Take advantage of AfCFTA to make Ghana an industrial hub - Osafo-Maafo charges local industries

BY: Joshua Bediako Koomson
• Mr. Yaw Osafo-Marfo (4th right), Special Advisor to the President explaining a point to participants. Those with him are Dr. Yaw Adu Gyamfi (3rd left), President, Association of Ghana Industries (AGI), and Nana Dokua Asiamah Adjei (3rd right), Deputy Minister of Trade and Industry. Picture: EDNA SALVO-KOTEY
• Mr. Yaw Osafo-Marfo (4th right), Special Advisor to the President explaining a point to participants. Those with him are Dr. Yaw Adu Gyamfi (3rd left), President, Association of Ghana Industries (AGI), and Nana Dokua Asiamah Adjei (3rd right), Deputy Minister of Trade and Industry. Picture: EDNA SALVO-KOTEY

Senior Presidential Advisor, Mr. Yaw Osafo-Maafo, has urged industries to reposition themselves to tap into the opportunities presented by the African Continental Free Trade Area (AfCFTA) to ensure Ghana becomes the centre of industrial establishments in Africa.

He said the establishment of the AfCFTA Secretariat in Ghana presented a bigger market to local industries which they must exploit by targeting markets within the continent to help put Ghana on the map as an industrial country.

That, he indicated, would help strengthen the national currency and reduce the high unemployment rate which had become a national security concern.

GISE

Mr. Osafo-Maafo was speaking at the 4th edition of the Ghana Industrial Summit and Exhibition (GISE) which took place in Accra yesterday.

The event, which was organised by the Association of Ghana Industries (AGI), in partnership with the Volta River Authority (VRA), was on the theme: "Repositioning Ghanaian Industries to leverage the AfCFTA.”

It brought together the business community in the country to contribute to the discussion on leveraging the benefits the AfCFTA presents.

It also presented an opportunity for them to network and showcase their products and services to prospective clients and investors.

Competitiveness

“I believe strongly that with the location of AfCFTA in Ghana, we have no reason not to succeed as an industrial country in Africa. We are forced by circumstances to produce and compete. So this is your chance to make Ghana proud”.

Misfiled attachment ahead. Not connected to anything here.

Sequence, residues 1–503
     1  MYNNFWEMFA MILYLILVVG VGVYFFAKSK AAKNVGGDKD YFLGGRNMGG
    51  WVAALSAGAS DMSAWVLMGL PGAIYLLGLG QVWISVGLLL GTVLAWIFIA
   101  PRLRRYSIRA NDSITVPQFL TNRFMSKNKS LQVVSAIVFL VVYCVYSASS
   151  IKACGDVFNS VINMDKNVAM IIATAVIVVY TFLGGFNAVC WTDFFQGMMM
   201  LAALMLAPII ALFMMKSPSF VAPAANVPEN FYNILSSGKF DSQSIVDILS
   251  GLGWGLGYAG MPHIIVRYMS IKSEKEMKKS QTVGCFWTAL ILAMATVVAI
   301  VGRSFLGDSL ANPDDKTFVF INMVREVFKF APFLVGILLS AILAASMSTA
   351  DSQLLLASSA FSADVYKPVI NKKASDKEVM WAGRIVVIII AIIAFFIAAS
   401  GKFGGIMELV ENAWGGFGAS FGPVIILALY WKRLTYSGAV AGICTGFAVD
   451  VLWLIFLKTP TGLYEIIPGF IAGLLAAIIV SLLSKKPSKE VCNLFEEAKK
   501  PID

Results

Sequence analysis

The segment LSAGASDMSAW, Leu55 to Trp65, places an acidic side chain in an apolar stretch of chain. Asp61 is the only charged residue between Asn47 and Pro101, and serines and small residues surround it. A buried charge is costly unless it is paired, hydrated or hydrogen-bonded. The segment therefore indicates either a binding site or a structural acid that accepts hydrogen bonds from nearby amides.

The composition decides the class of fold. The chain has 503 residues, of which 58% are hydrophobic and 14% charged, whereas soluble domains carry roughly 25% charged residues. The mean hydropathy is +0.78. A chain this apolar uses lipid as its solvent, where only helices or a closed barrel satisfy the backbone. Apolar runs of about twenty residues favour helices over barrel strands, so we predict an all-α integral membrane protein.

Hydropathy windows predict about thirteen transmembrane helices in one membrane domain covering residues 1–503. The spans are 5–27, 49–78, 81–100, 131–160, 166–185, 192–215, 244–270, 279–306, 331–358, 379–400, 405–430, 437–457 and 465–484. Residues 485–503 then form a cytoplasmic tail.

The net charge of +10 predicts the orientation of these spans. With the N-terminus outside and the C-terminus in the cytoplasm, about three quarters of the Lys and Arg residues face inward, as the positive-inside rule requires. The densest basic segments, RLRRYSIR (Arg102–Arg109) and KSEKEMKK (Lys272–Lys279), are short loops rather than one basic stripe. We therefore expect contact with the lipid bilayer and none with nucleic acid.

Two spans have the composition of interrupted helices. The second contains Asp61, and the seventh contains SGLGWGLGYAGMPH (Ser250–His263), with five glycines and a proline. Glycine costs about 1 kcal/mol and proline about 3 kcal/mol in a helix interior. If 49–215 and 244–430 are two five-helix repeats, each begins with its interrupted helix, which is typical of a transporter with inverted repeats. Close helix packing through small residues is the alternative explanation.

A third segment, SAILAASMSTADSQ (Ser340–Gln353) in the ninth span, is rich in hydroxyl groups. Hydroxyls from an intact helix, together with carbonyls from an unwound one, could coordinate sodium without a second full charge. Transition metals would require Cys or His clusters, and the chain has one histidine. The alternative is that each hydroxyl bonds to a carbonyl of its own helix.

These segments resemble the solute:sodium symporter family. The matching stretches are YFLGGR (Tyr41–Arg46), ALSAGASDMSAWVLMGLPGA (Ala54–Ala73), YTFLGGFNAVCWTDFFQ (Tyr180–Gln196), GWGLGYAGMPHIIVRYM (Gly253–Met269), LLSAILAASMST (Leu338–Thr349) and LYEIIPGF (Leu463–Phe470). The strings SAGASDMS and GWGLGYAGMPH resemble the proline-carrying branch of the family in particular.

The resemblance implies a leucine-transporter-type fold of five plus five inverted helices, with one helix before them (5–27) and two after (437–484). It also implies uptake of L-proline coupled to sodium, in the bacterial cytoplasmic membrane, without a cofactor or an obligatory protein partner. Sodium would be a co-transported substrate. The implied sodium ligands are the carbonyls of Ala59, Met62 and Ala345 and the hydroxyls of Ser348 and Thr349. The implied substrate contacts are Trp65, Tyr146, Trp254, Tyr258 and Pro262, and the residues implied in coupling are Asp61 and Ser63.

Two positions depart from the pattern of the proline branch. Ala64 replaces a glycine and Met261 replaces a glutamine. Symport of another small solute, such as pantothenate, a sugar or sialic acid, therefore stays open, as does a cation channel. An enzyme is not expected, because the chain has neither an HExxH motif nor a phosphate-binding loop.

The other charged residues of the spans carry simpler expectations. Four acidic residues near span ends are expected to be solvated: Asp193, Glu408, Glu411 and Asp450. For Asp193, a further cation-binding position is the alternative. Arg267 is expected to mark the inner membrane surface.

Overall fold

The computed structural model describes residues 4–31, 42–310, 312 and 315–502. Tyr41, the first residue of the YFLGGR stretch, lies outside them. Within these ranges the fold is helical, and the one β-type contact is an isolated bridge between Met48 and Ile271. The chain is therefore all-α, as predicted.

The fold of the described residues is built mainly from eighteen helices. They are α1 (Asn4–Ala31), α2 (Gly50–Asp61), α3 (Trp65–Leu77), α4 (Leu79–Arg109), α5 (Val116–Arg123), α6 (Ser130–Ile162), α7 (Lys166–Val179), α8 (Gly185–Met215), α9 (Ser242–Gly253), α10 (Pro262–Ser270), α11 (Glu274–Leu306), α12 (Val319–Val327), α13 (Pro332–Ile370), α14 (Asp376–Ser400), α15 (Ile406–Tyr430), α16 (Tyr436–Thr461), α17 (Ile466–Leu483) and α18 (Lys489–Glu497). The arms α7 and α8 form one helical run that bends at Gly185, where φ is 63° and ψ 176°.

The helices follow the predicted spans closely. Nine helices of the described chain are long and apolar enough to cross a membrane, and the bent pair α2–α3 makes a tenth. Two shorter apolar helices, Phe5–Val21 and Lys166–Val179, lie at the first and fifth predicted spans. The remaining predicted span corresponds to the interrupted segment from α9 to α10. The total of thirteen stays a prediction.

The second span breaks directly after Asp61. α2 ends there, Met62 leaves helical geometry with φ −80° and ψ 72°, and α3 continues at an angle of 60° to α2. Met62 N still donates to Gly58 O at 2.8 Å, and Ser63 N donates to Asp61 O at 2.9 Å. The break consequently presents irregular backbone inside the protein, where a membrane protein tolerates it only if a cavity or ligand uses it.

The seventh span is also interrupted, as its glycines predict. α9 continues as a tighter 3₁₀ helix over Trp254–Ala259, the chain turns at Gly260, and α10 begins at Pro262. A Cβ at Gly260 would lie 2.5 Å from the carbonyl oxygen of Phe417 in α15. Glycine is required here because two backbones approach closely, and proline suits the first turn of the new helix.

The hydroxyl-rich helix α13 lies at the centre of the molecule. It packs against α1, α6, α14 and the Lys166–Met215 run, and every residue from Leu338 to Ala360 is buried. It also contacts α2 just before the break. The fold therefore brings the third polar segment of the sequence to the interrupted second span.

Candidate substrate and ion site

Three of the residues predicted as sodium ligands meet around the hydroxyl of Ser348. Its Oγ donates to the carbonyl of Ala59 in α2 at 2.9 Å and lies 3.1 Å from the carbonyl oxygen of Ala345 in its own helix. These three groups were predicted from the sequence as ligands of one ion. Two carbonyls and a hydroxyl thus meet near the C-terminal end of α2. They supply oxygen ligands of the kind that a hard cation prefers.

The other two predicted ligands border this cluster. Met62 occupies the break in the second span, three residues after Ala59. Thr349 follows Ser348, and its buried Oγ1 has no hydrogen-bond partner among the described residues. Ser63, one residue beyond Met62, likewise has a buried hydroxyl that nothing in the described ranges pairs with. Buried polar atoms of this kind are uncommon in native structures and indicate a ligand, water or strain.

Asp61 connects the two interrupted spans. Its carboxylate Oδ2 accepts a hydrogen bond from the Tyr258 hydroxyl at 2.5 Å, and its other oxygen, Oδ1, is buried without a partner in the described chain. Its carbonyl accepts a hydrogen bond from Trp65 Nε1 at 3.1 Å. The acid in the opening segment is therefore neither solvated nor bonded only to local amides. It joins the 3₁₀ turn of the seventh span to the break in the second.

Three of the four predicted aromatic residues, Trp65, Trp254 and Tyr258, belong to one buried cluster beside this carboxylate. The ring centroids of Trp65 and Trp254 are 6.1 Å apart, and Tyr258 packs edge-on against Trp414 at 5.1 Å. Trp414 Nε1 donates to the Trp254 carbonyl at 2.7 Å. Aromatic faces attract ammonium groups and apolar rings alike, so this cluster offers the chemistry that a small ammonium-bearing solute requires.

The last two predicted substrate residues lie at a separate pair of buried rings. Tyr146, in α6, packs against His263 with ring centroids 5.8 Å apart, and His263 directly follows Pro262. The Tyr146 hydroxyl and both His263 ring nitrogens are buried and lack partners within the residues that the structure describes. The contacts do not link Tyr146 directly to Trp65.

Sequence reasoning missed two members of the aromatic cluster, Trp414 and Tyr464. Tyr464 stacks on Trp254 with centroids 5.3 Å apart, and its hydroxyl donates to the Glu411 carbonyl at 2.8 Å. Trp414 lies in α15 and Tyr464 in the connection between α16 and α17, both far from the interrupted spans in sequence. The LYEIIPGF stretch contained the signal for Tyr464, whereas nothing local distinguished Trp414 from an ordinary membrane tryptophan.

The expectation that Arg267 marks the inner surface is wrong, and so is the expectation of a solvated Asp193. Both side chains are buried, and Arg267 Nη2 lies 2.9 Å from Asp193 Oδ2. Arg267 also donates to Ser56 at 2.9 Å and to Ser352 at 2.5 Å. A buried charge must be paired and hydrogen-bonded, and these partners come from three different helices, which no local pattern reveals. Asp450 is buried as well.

“Concentrate on the production and produce competitively, this is because if you produce and the products cannot compete in the Africa market, it becomes a problem and the vision of becoming the centre of industrial establishment in Africa will not be realised,” Mr. Osafo-Maafo said.

He noted that the government also owed industries the duty to provide an environment that would make them competitive and that included taxation, utility and uninterrupted power supply.

For that reason, he gave an assurance that the government was ready to provide such an environment to ensure businesses in the country were competitive in the African market.

Going forward, Mr. Osafo-Maafo also urged the banking sector to support the local industry to grow.

“It is not enough for banks to only show fat profit at the end of the year; it is equally important for them to also show an industrial establishment they have supported to succeed”.

“It is not only about having a good balance sheet with very good profitability but it is also better for you to say I made this industry. You have a job to support our industry so that they succeed,” Mr. Osafo-Maafo indicated.

Opportunities of AfCFTA

The Deputy Minister of Trade and Industry, Nana Ama Dokua Asiamah-Adjei, noted that the AfCFTA provided enormous opportunities and leveraging it would help boost Ghanaian export to stimulate investment and innovation.

She said that its effective implementation depended on empowering the businesses at all levels to take advantage of the opportunity in intra-African trade.

She indicated that the ability of businesses in the country to first understand and capitalise on trade-related opportunities offered by AfCFTA could not be underestimated.

Nana Asiamah-Adjei, therefore, said there was the need for public sensitisation forums and workshops on the implementation of the agreement as well as the protocols and operations required for effective trading.

For this reason, she said the government , since 2017, had pursued programmes that had advanced the country’s readiness to harness the benefit of AfCFTA.

The notable one among them, she said, was an implementation of a comprehensive industrial transformation programme which was intended to develop Ghana as the leading manufacturing hub in Africa to take advantage of the market access opportunities.

Going forward, she said the government would ensure that Ghanaian businesses benefited from the agreement by providing export credit insurance and guarantees to enable them to thrive.

Government’s initiatives

For his part, the President of the AGI, Dr. Yaw Adu Gyamfi, noted that the COVID-19 pandemic had been a major setback to businesses in the country, indicating that 80 per cent of businesses were affected last year.

However, aligned with government’s initiatives such as the CARE Obaatanpa programme, he said businesses were determined to build resilience, anchored on government’s stimulus measures to reignite growth.

“We are anxious to see the full rollout of government’s support and the establishment of the new Development Bank Ghana.

A number of our industries are already under-capitalised and the impact of the pandemic further precipitates the need for finance to resuscitate some worst-hit sectors,” Mr. Adu Gyamfi indicated.